Randomized, double-blind, multicenter. Healthy nulliparous patients were randomly assigned to receive either 2 grams of supplemental calcium daily ((n = 2,295) or placebo (n = 2,294) in a double-blind study. Study tablets were administered beginning from 13 to 21 completed weeks of gestation and continued until the termination of pregnancy. Eligible patients entered a run-in period of 6 to 14 days to exclude highly noncompliant subjects. During the run-in, obstetrical ultrasound was performed if it had not been obtained previously, and blood was drawn for serum calcium and creatinine. Follow-up visits were scheduled every four weeks through the 29th week of gestation, then every two weeks through the 35th week, and weekly thereafter. Blood pressure and urine-protein were obtained at each clinic visit, during labor and delivery, and during the first 24 hours postpartum. Primary endpoints included pregnancy-associated hypertension, pregnancy-associated proteinuria, pre-eclampsia, eclampsia, or hypertension. Other endpoints included placental abruption, cerebral hemorrhage or thrombosis, elevated liver enzymes, acute renal failure, and disseminated intravascular coagulation. Surveillance was conducted for renal calculi. Recruitment began in May 1992 and ended in March 1995. Follow-up was completed in October of 1995. Data analysis continued through March 2000 under the NICHD contract N01HD13121.

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Study Type : Interventional  (Clinical Trial)
Masking: Double
Primary Purpose: Prevention
Study Start Date : March 1991
Study Completion Date : June 2000

Resource links provided by the National Library of Medicine

MedlinePlus related topics: Calcium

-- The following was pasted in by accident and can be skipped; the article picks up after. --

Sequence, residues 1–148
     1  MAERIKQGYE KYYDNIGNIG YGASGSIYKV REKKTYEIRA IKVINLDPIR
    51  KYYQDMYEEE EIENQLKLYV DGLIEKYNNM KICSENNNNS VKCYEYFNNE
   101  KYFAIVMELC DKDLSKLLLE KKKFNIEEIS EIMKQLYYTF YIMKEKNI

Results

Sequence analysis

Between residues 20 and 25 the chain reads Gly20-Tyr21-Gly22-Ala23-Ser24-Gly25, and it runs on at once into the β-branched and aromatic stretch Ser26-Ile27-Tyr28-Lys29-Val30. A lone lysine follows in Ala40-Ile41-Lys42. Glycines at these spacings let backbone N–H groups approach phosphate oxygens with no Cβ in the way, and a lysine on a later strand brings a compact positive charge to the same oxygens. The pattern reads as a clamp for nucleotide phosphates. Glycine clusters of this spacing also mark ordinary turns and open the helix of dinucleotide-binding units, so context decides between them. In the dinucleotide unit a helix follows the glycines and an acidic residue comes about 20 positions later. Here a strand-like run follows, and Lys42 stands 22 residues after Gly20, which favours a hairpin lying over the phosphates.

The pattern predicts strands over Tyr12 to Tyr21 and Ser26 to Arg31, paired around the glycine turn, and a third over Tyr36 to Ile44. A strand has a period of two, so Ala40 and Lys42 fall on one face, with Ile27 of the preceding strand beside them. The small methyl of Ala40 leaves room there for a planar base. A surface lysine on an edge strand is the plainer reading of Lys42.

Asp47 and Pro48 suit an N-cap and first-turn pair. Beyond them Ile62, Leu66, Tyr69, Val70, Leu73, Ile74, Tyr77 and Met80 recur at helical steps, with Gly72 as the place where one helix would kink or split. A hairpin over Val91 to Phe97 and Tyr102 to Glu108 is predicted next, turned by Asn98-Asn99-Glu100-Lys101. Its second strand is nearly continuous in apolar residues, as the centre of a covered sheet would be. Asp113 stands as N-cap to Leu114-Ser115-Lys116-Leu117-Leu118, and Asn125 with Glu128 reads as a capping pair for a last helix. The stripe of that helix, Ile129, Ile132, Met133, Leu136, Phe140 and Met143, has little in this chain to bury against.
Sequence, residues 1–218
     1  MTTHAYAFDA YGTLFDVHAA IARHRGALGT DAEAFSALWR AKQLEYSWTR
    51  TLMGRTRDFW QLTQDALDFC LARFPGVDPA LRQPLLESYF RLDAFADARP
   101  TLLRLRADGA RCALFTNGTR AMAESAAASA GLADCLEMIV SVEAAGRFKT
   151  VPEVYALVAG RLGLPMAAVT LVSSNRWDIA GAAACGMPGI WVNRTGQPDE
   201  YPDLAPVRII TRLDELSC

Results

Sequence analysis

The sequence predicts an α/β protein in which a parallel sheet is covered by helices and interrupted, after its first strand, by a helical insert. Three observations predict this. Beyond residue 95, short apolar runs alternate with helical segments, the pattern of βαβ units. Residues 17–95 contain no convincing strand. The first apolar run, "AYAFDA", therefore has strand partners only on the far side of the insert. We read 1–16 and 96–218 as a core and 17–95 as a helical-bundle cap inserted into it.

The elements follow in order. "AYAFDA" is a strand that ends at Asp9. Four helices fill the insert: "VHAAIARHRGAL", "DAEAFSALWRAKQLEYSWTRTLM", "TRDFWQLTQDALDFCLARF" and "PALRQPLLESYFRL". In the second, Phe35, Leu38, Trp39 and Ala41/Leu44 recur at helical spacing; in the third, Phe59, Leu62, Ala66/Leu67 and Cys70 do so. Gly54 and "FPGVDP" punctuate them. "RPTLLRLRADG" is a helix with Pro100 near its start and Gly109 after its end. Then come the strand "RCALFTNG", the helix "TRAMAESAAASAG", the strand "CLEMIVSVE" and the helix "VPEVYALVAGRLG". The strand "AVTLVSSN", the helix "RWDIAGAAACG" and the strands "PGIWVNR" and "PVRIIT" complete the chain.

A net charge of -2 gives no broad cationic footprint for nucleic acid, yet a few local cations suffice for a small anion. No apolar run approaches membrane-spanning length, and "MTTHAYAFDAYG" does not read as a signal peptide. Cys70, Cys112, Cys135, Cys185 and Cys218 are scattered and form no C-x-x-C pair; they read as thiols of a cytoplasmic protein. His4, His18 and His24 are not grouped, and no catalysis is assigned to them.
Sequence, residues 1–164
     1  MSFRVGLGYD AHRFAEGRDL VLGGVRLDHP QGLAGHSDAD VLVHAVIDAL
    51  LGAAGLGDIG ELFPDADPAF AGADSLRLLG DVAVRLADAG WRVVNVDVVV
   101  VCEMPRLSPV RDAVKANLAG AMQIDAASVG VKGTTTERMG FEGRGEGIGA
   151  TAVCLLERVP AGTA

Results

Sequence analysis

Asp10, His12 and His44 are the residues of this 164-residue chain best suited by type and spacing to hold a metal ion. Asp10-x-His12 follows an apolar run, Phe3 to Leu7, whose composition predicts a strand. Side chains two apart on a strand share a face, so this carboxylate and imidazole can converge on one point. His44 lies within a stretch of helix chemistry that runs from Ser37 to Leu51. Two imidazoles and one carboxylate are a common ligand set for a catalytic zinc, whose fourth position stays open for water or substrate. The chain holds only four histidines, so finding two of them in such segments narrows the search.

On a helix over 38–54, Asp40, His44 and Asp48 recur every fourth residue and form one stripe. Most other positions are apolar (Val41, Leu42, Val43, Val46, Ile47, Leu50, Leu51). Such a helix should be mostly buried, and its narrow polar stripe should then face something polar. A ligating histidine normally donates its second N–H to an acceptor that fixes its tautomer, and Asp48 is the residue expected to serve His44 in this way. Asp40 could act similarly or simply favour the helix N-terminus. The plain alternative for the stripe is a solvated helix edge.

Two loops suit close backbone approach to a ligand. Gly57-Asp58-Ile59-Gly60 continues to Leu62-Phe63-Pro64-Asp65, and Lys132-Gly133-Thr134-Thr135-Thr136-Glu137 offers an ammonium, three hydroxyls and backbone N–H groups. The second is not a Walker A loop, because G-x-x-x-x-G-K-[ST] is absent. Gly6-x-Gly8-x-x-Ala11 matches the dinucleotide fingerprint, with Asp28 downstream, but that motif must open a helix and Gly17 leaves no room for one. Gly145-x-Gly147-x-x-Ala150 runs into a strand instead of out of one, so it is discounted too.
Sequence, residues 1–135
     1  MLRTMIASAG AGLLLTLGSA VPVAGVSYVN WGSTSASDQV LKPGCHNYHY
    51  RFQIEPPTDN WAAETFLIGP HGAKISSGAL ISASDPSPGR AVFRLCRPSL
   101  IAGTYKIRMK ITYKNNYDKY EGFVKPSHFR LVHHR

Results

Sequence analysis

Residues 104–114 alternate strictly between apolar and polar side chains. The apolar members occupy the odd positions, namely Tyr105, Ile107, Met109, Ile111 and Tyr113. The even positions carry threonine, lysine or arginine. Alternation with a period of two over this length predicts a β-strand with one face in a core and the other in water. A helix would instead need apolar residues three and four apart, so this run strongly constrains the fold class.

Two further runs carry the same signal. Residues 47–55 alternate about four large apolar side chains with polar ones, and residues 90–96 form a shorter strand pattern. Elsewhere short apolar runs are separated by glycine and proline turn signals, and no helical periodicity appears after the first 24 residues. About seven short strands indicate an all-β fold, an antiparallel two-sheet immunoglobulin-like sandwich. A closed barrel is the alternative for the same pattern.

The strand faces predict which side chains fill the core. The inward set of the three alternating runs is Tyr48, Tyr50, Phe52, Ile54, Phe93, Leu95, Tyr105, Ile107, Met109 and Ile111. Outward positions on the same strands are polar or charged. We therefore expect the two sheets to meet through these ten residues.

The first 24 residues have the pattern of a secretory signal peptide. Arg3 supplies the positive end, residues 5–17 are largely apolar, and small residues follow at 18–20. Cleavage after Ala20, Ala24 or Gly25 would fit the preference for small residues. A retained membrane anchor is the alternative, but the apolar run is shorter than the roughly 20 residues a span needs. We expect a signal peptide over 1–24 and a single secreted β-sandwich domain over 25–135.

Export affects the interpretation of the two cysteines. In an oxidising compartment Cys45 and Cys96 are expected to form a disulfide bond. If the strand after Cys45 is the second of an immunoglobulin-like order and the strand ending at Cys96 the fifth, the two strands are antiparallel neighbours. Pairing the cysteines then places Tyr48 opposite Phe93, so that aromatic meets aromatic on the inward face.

Information from the National Library of Medicine

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Ages Eligible for Study:   18 Years to 40 Years   (Adult)
Sexes Eligible for Study:   Female
Accepts Healthy Volunteers:   No
Nulliparous, normotensive, pregnant women.

Information from the National Library of Medicine

To learn more about this study, you or your doctor may contact the study research staff using the contact information provided by the sponsor.

Please refer to this study by its identifier (NCT number): NCT00000534

Sponsors and Collaborators
Eunice Kennedy Shriver National Institute of Child Health and Human Development (NICHD)
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OverallOfficial: Patrick Catalano Case Western Reserve University
OverallOfficial: Luis Curet University of New Mexico
OverallOfficial: John Hauth University of Alabama at Birmingham
OverallOfficial: Cynthia Morris Oregon Health and Science University
OverallOfficial: Baha Sibai University of Tennessee
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Responsible Party: Eunice Kennedy Shriver National Institute of Child Health and Human Development (NICHD) Identifier: NCT00000534    
Other Study ID Numbers: 77
First Posted: October 28, 1999    Key Record Dates
Last Update Posted: March 13, 2017
Last Verified: March 2017
Additional relevant MeSH terms:
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HELLP Syndrome
Cardiovascular Diseases
Heart Diseases
Vascular Diseases
Hypertension, Pregnancy-Induced
Pregnancy Complications
Calcium-Regulating Hormones and Agents
Physiological Effects of Drugs